My all time favorite humanoid robot competition, the Wonderful Robot Carnival, is scheduled for this Sunday, July 15th, in the Takao area of Tokyo. Unfortunately I'm currently in New York and won't get back to Japan until late next week. However, the competition will be streamed real-time via the event's official UStream channel.
Via: わんだほー ろぼっと か～にばる
Nao Maru's ROBO-ONE champion robot, Great King Kizer, caused a real stir after it earned the Best of Show award at RoboGames 2012 last April. Ever since he brought home the Gold Medal, Maru has received endless questions about his design and competition strategies.
One of the most frequently asked questions, especially from the foreign press, was, "How hard can King Kizer actually punch?* Never one to duck a challenge, Maru decided to King Kizer's power is just as strong as human karate fighters several times his height and weight.
Via: King Kizer Videos
The rules for the next ROBO-ONE Humanoid Robot competition have been released. There are no substantial changes to the rules, though the latest revision includes a new provision prohibiting the use of 'hooks'.
In other words, builders can't design robot appendages that would deliberately hook behind their opponents or get entangled in opponents wiring cables. This does not rule out the use of grippers or techniques that involve grabbing or hugging opponents.
For most builders this doesn't represent much of a problem, though it may be a challenge to some aggressive competitors. I'm not sure how the new rule will apply to robots like King Kizer that have unique arm/hand designs.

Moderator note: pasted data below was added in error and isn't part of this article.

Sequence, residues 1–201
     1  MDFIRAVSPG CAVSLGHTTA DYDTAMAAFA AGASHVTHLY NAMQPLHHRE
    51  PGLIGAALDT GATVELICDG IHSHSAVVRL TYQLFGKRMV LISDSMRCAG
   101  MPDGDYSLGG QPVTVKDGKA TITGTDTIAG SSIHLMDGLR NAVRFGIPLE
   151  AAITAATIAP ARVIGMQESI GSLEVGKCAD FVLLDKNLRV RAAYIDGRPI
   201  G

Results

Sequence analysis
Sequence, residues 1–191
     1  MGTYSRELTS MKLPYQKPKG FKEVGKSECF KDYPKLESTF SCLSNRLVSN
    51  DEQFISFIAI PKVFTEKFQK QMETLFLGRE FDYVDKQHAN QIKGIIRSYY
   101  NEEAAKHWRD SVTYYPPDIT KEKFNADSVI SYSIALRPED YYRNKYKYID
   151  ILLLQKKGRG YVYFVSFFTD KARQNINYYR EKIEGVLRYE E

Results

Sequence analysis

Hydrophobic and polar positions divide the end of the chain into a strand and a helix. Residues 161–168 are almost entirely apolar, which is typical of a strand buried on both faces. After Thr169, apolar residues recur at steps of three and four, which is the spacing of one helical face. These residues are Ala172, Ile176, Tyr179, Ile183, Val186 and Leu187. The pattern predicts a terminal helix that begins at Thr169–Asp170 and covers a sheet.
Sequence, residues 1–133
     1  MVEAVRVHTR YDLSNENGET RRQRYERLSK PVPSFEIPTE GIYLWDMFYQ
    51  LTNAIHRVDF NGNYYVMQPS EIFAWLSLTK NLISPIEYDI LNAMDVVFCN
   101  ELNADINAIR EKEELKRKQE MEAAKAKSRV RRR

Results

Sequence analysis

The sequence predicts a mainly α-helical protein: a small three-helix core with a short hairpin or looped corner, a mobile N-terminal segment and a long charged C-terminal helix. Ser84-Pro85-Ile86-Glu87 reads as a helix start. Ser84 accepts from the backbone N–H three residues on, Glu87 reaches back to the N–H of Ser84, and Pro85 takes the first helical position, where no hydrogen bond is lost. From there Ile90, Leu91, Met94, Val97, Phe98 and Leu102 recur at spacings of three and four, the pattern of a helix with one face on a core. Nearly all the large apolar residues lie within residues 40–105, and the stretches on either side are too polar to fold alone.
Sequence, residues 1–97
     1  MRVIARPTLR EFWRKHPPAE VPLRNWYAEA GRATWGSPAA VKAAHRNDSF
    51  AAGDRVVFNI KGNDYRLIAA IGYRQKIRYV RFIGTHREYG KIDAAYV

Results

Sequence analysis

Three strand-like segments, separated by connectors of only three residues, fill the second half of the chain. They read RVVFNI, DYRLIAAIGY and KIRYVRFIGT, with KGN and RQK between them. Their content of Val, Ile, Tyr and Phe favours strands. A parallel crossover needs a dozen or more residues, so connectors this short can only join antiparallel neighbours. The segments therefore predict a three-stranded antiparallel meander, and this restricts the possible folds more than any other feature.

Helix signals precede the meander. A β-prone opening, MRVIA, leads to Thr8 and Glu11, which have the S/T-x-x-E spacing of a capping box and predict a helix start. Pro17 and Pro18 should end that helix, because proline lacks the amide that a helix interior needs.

The ROBO-ONE 21 competition is scheduled for September 1st/2nd, but the venue hasn't been announced yet.
Via: ROBO-ONE 21 Rules (pdf)
Naoki Maru and Jay Jay Napalan
Maru is a key part of the Robot Japan team and the designer of ROBO-ONE champion humanoid robot King Kizer. Napaplan is a talented professional photographer, software developer, and an active member of the Aldebaran NAO Robot Developers Program.
The ROBO-ONE Light series of competitions was developed to encourage novice humanoid robot builders to participate in the ROBO-ONE initiative. In other words, the ROBO-ONE organizers wanted to attract "new blood" and revitalize the movement.
All of the robots have to be based on robot kits from a list of authorized manufacturers and models. However, many of the builders have heavily modified the hardware and software to give them a bigger competitive advantage in the ring.
I'm happy to announce that King Kizer, the awesome ROBO-ONE Champion robot created by Nao Maru, has signed up as part of the Robot Japan team for their 2012 U.S. Tour with an exclusive engagement at RoboGames, April 20th-22nd in San Mateo, California.
King Kizer took humanoid robot competition to a totally new level and inspired Japanese robot builders to ramp up their humanoid bots while accomplishing feats of speed, agility, and flexibility that was thought by experts to be impossible just a few years ago. As impressive as it seems, the video below can't begin to communicate how compellingly powerful, fast, and responsive King Kizer is in the ring.